School programs

TDSB calls for end to auditions and entrance exams for specialized high school programs

The Toronto District School Board is seeking to waive all admission fees, entrance exams, auditions, and mid-level report card assessments needed to gain entry to some of the city’s most sought-after high school programs.

The TDSB said a decade of data has “regularlyshowed that these specialized schools and programs disproportionately serve students whose parents have middle to high incomes. Not all students who could benefit from Toronto’s more than 40 arts, athletics, math and science-focused specialty programs or schools were able to attend, the board said.

The proposed changes, which will be submitted to the board for final review on May 25, were developed based on consultations and surveys with parents, students, staff and administrators.

Instead of demonstrating their strength or ability in certain areas in order to be selected for a specialized school, prospective students will only have to declare their interest. What an expression of interest looks like will vary by school, a TDSB spokesperson said, but it could range from written letters to dance performances.

This differs from an audition in that candidates will not be assessed on their technical skills, but rather on their passion for the subject.

From there, a lottery of interested students would determine placement.

The proposed changes have angered some parents and students in special schools. Some told the Star they thought it would lower the prestige of their programs, invalidate the work they did to earn a place in the school of their choice or hinder the development of future generations of gifted children. Toronto.

Others see it as a belated solution to a system that overwhelmingly prioritized favored candidates.

“What the Toronto council’s research shows is that it’s inevitable, when you have a special school system, that children will be divided along socio-economic or even racial lines,” said Annie Kidder , executive director of People for Education, a Canadian charity that studies public education.

“Removing the many barriers that prevent children from accessing these types of schools is an important step in the overall goal of equitably providing quality, strong and diverse education.

Some specialist schools have already independently abandoned more traditional admission requirements.

Ursula Franklin Academy, a specialty school that offers liberal arts and science programs, used to assess candidate report cards and entrance essays. Last fall, the school moved to a random selection process.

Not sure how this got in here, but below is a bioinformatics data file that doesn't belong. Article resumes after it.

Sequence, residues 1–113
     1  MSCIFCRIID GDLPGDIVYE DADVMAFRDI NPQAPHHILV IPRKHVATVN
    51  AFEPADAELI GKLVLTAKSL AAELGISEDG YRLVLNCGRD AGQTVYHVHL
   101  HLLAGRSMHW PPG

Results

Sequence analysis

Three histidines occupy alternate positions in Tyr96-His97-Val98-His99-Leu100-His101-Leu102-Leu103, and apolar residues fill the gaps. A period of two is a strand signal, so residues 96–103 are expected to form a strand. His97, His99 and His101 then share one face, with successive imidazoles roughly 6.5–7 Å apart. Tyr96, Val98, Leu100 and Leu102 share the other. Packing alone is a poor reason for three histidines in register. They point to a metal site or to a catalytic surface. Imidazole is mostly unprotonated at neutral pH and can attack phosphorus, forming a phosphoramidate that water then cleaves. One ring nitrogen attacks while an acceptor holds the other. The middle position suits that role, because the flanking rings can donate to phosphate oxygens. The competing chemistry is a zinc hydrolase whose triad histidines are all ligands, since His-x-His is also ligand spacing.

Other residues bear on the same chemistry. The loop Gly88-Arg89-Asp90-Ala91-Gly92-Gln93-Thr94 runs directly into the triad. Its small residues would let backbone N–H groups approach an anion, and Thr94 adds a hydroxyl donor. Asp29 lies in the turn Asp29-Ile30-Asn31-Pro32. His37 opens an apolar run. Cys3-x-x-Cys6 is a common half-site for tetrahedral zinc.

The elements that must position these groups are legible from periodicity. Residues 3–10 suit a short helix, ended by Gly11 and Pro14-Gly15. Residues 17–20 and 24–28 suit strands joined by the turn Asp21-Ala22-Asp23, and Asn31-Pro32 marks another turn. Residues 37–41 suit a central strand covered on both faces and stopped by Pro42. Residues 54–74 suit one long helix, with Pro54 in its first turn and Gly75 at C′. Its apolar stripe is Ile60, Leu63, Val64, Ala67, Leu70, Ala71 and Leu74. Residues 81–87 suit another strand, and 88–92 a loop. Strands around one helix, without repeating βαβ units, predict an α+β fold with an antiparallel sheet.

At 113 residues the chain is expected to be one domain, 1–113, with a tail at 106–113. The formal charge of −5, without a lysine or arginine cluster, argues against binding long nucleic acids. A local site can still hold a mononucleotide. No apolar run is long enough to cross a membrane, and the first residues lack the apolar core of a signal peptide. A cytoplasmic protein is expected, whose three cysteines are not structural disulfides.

And unlike other art schools in Toronto, Rosedale Heights School of the Arts does not hold auditions for entrance because it believes “in fairness for all students, regardless of background. and their access to arts education”, according to a brochure for school.

“Some kids have advantages that others don’t, and they have them early on,” Kidder said. “More access to sports, artistic activities, summer camp. They come from a privilege that brings them enrichment or support that other children do not have.

Kidder said specialized high schools, in their current form, serve to exacerbate those benefits.

Kunal Joshi, a parent of a child enrolled in a specialist program, told The Star he was outraged by the proposed policy revisions. He said they amounted to “discrimination” against students who make the effort to secure a placement.

“It’s alarming, mind-boggling,” he said. “If I had an interest in being a fighter pilot, I would have to show that I prepared for it, that I have basic qualifications. There must be a quantifiable way to assess all children. A declaration of interest is qualitative, there is no appropriate criterion for it.

Joshi is not alone in not supporting the proposed changes. A online petition to “fight for specialty programs in the TDSB” had more than 2,500 signatories as of Monday night.

The petition says that while the proposed policy changes would “surely help” marginalized communities, they would also negatively influence the “unique identity” of specialty programs. “If we allow this proposal to become policy, we will not get over it,” he says.

In response to these criticisms, Kidder said the net good of the proposed policy should outweigh any individual discomfort.

“There is always a balancing act in public education,” she says. “It’s a struggle between the private good that we want as individuals and the public good. We need to think about the kinds of abilities, skills and experiences that all children should have and how we can ensure these are accessible to them. This is the most important thing.

Ben Cohen is a reporter in Toronto for the Star. Follow him on Twitter: @bcohenn

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